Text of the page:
Posts tagged as 'resin'

'Pinus Pinaster' Cheese Cover and Tray by Fabien Barrero-Carsenat

‘Pinus Pinaster’ Cheese Cover and Tray by Fabien Barrero-Carsenat

Fabien Barrero-Carsenat’s ‘Pinus Pinaster’ (aka the Maritime Pine) collection is an exploration of resin. It all started when Barrero-Carsenat was wandering through a pine forest in the south of France and brown droplets of resin shining in the sunlight.

 

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Mon 30.8.

Carbon-fibre seats by Peter Donders (BE)

Posted by Nora Schmidt on 30.08.2010 - Tagged as: , , , , ,

'C-Bench' by Peter Donders

The Belgian designer Peter Donders developed these ultra-light seating furniture made from 462 m (pouf) and 320 m (bench) of carbon-fibre under his label morphs. The single string of fibre was twisted around a form that was removed afterwards.


“The resulting structure is airy yet incredibly strong and has been aptly described as ”caligraphy in 3d”. Currently the ultimate material available in terms of weight to strength ratio, carbon fiber is used to produce Formula One racecars, the highest quality sporting equipment, and even the chassis of spacecrafts. This exceptional piece will be offered in a limited edition of 10 pieces.”

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'MOA' Basket-series by Eva Marguerre and Marcel Besau

With her sophisticated glass-fibre stool ‘Nido’ Eva Marguerre received the biggest reputation a young designer like her can dream of. Together with Marcel Besau she now launched a new series of baskets which is based on a completely new material combination out of elastic yarn and resin.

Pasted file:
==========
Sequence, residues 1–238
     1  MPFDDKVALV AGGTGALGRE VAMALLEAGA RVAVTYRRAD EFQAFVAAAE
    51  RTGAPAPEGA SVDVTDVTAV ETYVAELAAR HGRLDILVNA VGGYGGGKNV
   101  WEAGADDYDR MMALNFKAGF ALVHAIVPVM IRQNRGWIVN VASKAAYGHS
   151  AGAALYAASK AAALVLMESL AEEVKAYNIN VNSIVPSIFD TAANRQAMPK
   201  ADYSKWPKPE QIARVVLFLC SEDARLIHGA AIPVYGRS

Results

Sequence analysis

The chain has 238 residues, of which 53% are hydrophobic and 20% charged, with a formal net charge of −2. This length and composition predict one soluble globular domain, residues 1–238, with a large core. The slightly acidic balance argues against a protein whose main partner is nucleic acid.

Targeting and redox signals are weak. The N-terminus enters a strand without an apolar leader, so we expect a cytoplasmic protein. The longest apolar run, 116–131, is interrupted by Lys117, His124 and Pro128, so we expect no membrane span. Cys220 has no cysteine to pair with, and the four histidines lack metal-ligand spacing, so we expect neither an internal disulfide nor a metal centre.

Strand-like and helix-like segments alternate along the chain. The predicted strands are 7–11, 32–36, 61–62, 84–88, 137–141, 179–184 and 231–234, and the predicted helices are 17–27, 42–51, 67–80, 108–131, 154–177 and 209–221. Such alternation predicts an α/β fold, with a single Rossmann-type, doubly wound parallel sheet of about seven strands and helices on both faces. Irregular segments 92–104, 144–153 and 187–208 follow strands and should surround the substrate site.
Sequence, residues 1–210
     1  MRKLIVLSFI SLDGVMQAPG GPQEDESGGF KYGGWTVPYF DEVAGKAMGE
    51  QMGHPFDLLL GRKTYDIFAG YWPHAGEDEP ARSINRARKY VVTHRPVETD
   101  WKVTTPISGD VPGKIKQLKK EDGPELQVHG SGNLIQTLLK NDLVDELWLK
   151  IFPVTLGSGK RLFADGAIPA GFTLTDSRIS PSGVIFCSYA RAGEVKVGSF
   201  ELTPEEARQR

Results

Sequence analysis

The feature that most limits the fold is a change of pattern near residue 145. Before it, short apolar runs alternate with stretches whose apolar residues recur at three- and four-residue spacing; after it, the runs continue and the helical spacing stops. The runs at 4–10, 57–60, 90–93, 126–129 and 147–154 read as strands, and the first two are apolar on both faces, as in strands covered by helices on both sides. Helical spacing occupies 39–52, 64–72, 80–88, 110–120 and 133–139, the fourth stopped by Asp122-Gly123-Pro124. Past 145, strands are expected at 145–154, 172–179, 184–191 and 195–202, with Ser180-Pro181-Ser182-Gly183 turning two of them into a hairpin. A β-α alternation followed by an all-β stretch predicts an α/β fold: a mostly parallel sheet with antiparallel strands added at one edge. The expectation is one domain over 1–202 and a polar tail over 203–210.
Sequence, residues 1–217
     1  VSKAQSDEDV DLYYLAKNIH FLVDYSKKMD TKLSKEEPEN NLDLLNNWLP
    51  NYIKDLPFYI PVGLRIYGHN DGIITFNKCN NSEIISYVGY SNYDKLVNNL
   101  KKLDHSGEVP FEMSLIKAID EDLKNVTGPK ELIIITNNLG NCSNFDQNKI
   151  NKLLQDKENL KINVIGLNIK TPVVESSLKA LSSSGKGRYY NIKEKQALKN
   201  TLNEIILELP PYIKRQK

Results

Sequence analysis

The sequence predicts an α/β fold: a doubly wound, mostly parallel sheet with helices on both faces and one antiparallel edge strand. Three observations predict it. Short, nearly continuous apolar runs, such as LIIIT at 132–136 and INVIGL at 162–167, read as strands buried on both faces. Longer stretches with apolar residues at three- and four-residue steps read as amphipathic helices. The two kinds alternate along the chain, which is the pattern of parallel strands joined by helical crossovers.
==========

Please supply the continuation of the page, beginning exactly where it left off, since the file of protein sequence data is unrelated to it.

'MOA' Basket-series by Eva Marguerre and Marcel Besau

“The basic form is built of innumerable crisscross spanned Lycra-yarns where every route is different, leading somewhere from bottom to top or someway from right to left, seemingly without beginning and end. The outcome of this is an interwoven elastic net, that is afterwards drenched in resin and pressed over a suitable form. Thus, the formerly two-dimensional flexible structure is transformed into a three-dimensional form, creating fruit-, newspaper-, and paper-basket which are solidified by hardening of the resin”, the designers explain.

Marcel Besau

Eva Marguerre

'MOA' Basket-series by Eva Marguerre and Marcel Besau

Material: elastic yarn and resin
Basket types: paper-, newspaper-, and fruit-basket
Colors: black, yellow, turquoise, mixed colors
Weight: 440g, 320g, 210g
Waterproof and washable
Baskets of daily use for the residential area


to the Eva Marguerre profile @ Architonic

Thu 22.10.

‘Downside Up’ series by Claire Ferreira

Posted by Nora Schmidt on 22.10.2009 - Tagged as: , , , , ,

'Downside Up' table by Claire Ferreira

'Downside Up' table by Claire Ferreira, photo by Roel Paredaens

The French designer and this year’s graduate from the Royal College of Art Claire Ferreira presented this beautiful series of semi-cast furniture at the London Design Festival.

Three distinct elements create Downside Up Table: a mould, a liquid and a frame.

Claire Ferreira poures Jesmonite – a bio-resin supplied as a water-based acrylic liquid and a mineral powder – inside a wooden base. The resin comes out of four separated slits and forms a smooth flat surface. Poured in different times, a unique pattern appears.

'Downside Up' table by Claire Ferreira

'Downside Up' table by Claire Ferreira, photo by Roel Paredaens

“The exact same quantity of materials is poured in each slot… Except that the setting time finally draws what is going to become a unique tabletop”, the designer explains.

Casting the table top

Casting the table top

Claire Ferreira pouring the liquid resin

Claire Ferreira pouring the liquid resin

“Downside Up Shelf is composed of three separated units, which can also be used as individual side tables.”

'Downside Up' shelf by Claire Ferreira

'Downside Up' shelf by Claire Ferreira, photo by Roel Paredaens

'Downside Up' shelf by Claire Ferreira, photo by Roel Paredaens

'Downside Up' shelf by Claire Ferreira, photo by Roel Paredaens

“Inspired by the impulsive behaviour of turning a bag over in order to find what we are looking for (see Rush Bags), I started to explore the ‘spilling over’ process and its upside down outcome to generate new typologies of products. I place my research ‘in-between’, aiming to create a dialogue between designed elements and less predictable ones, between solid and fluid materials, always trying to go beyond the edges of the object”, Claire Ferreira explains.

to the Claire Ferreira website